It’s well known that small changes in the initial conditions cause changes in the long term that are not predictable when it comes to complex systems. There is no complex system that I know of that’s more complex than evolution of organisms. It’s no wonder that small mutations cause evolutionary changes that are far reaching. It’s very fascinating all the same.
Small genetic mutations that add up over time could create an evolutionary express lane that leads to the rapid development of new traits, researchers from the University of Pittsburgh and the University of Wisconsin at Madison have found.
The team reports in the Proceedings of the National Academy of Sciences (PNAS) that slight changes in segments of DNA known as transcriptional enhancers—which determine the when, where, and how much in gene production—can activate dormant genetic imperfections. These alterations awaken specific genes to low-level activity, or "leakiness," in developing tissue different from the genes’ typical location. Just a few subsequent mutations build on that stirring to result in a new function for an old gene—and possibly a novel trait.
The Pitt-UW Madison work expands on research during the past 30 years demonstrating that new genes made from scratch are rare in animals, Rebeiz said. Instead, the diversity of living things is thought to stem from existing genes showing up in new locations. In a famous example of the lack of originality in animal genes, researchers at the University of Basel in Switzerland reported in Science in 1995 that a gene known as PAX6, a "master control" gene for the formation of eyes and other features in flies, mice, and humans, could cause the growth of additional eyes on the legs and antennae of fruit flies.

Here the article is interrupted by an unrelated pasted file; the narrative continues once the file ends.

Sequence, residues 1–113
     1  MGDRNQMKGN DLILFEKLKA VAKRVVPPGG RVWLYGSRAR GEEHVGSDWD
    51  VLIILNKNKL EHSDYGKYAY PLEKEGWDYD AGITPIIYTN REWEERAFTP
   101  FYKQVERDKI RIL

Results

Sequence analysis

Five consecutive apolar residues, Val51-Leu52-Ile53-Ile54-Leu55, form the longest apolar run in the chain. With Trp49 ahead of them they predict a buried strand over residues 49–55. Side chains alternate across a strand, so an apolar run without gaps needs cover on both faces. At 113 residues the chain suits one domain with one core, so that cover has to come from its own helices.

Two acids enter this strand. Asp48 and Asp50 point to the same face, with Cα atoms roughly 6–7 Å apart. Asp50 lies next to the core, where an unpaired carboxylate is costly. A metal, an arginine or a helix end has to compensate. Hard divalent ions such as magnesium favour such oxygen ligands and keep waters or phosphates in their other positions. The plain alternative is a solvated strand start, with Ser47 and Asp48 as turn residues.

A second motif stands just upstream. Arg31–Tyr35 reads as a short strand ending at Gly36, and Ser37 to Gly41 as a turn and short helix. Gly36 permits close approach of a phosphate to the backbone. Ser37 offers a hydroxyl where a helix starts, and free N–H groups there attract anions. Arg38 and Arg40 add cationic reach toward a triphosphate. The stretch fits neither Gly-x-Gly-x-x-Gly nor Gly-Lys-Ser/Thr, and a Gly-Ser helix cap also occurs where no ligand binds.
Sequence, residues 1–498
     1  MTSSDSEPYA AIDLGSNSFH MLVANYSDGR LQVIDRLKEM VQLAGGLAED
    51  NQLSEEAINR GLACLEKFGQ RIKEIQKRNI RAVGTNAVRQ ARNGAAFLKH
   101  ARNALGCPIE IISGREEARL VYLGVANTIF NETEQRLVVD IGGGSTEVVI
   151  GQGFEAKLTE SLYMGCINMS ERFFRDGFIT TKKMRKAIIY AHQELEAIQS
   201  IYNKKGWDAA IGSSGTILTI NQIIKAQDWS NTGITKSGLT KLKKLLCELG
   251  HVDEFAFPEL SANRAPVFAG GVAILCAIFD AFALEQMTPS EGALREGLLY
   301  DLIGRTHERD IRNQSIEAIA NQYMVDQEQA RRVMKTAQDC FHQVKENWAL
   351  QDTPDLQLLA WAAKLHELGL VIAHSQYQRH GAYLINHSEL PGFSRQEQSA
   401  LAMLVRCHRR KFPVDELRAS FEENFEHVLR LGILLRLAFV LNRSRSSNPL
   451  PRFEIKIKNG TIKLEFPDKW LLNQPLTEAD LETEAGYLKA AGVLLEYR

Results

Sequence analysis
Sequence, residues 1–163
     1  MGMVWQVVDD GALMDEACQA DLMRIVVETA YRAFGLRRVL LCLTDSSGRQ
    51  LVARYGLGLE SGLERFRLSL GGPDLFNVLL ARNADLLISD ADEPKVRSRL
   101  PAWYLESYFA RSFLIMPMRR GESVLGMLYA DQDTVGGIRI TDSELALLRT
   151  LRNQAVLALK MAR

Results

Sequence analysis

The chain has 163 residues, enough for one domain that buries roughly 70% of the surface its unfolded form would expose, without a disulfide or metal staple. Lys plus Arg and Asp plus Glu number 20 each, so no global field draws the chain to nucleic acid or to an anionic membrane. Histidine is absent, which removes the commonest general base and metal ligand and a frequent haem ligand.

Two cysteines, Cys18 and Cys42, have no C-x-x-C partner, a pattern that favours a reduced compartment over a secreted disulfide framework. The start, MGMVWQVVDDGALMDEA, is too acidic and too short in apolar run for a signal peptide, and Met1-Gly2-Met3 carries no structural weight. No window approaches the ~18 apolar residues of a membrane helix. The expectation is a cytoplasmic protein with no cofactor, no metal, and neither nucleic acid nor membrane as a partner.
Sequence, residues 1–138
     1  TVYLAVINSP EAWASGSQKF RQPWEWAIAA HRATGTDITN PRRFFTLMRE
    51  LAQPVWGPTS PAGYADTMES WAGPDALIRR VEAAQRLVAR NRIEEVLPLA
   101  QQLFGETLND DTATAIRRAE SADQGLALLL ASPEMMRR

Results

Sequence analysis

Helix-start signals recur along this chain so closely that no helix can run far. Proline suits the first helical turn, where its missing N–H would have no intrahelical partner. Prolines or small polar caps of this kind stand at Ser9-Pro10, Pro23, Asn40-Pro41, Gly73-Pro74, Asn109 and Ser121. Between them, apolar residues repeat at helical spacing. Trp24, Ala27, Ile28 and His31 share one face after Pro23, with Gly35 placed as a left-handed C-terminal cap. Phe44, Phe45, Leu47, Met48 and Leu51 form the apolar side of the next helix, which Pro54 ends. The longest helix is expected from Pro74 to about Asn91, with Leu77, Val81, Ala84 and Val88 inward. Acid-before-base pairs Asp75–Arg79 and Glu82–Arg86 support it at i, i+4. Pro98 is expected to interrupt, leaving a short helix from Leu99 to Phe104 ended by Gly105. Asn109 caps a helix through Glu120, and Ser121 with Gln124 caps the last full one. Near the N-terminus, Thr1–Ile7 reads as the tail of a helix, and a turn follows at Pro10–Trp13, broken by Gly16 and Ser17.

With their report in PNAS, Rebeiz and his coauthors offer the first explanation of what makes these genes go astray in the first place—and they identified the deviant DNA as the culprit.
The researchers found that the gene Neprilysin-1 present in the optical neurons of the fruit fly species Drosophilia santomea emerged in that location about 400,000 years ago—a blip in evolutionary terms—in the last common ancestor the fly shared with its relative D. yakuba. The mutation began with a transcriptional enhancer for the gene, which caused Neprilysin-1 to show up in different neurons than usual.
From there, Rebeiz said, the development of D. santomea’s distinguishing neurons plays out with the clarity of a film as four mutations in subsequent generations intensify the errant enhancer’s impact until Neprilysin-1’s presence in optical neurons become an exclusive feature of D. santomea. On the other hand, ensuing genetic alterations in D. yakuba actually extinguished this new expression and restored that fly’s Neprilysin-1 to its original location.